as a project
01:21
to really chart the universe
01:23
across all scales.
01:25
What we see here are satellites around the Earth
01:29
and the Earth in proper registration
01:32
against the universe, as we see.
01:35
NASA supported this work
01:42
12 years ago
01:44
as part of the rebuilding
01:47
of the Hayden Planetarium
01:49
so that we would share this with the world.
01:51
The Digital Universe is the basis
01:54
of our space show productions that we do --
01:56
our main space shows in the dome.
01:58
But what you see here
02:01
is the result of, actually, internships
02:03
that we hosted with Linkoping University
02:05
in Sweden.
02:08
I've had 12 students work on this
02:10
for their graduate work,
02:13
and the result has been this software called Uniview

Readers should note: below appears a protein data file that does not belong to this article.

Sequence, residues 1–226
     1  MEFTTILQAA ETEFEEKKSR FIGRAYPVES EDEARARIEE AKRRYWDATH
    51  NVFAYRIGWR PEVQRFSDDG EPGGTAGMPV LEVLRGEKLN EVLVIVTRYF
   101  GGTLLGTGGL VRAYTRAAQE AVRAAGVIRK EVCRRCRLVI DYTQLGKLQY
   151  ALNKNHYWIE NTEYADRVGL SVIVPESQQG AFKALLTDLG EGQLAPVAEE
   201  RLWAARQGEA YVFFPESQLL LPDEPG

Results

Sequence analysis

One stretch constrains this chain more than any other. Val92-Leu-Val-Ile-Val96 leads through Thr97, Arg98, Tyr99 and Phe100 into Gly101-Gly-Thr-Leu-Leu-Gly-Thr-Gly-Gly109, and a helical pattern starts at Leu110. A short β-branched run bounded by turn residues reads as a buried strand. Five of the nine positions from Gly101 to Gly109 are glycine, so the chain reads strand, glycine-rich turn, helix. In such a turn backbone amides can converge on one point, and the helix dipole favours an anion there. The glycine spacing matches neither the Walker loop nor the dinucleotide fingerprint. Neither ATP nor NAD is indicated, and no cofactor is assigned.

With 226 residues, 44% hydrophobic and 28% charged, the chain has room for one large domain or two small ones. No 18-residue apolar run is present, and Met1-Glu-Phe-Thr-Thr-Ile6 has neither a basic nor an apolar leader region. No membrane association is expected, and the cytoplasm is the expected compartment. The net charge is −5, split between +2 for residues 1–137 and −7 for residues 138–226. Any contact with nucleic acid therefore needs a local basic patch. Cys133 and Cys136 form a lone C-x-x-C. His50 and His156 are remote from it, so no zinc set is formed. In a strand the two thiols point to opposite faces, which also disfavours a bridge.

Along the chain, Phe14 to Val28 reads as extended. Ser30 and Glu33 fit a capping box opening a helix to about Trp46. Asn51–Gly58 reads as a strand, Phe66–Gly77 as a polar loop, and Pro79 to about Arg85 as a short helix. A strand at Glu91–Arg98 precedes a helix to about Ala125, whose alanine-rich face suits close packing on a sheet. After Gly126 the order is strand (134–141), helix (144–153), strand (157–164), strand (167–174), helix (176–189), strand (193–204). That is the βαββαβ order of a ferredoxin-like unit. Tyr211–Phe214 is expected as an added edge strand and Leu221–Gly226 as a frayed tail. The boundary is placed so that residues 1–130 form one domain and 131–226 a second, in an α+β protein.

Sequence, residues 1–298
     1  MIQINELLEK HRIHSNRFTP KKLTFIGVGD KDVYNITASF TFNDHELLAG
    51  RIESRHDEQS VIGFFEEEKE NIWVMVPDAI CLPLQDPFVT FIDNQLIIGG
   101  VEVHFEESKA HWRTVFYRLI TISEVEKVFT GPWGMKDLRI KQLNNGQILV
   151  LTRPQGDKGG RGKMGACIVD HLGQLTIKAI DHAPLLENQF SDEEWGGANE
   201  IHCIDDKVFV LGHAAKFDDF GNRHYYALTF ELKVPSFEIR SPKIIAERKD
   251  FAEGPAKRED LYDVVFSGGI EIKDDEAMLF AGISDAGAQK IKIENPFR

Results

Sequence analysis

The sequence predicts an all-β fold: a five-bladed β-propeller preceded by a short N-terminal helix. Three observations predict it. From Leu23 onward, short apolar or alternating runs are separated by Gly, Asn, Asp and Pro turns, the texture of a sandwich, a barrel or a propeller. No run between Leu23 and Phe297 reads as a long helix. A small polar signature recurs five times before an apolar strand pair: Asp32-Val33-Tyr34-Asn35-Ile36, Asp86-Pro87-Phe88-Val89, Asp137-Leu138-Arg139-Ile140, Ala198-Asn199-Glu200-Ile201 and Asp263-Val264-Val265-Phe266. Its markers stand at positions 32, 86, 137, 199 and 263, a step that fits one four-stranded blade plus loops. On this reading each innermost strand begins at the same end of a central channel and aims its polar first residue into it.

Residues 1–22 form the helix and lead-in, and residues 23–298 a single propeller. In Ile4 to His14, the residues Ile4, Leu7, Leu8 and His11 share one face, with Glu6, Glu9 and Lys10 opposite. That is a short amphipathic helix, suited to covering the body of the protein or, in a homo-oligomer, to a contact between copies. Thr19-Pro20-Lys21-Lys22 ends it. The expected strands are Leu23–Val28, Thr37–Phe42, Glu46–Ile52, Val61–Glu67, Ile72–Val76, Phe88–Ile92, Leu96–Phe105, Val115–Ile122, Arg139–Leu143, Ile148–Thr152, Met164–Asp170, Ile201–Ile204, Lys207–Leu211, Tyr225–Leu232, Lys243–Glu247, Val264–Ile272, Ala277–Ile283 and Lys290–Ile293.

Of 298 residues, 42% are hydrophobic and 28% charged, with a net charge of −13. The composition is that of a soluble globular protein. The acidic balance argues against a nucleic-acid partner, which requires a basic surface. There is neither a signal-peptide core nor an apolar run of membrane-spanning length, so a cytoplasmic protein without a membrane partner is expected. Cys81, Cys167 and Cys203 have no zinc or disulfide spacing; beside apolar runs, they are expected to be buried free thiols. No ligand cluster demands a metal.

02:15
and a company called SCISS in Sweden.
02:18
This software
02:22
allows interactive use,
02:24
so this actual flight path
02:27
and movie that we see here
02:29
was actually flown live.
02:31
I captured this live from my laptop
02:33
in a cafe called Earth Matters
02:36
on the Lower East Side of Manhattan, where I live,
02:39
and it was done
02:42
as a collaborative project
02:44
with the Rubin Museum of Himalayan Art
02:46
for an exhibit
02:49
on comparative cosmology.
02:52
And so as we move out,
02:56
we see continuously from our planet
02:58
all the way out into the realm of galaxies, as we see here,
03:01
light-travel time, giving you a sense of how far away we are.
03:04
As we move out,
03:09
the light from these distant galaxies
03:11
have taken so long,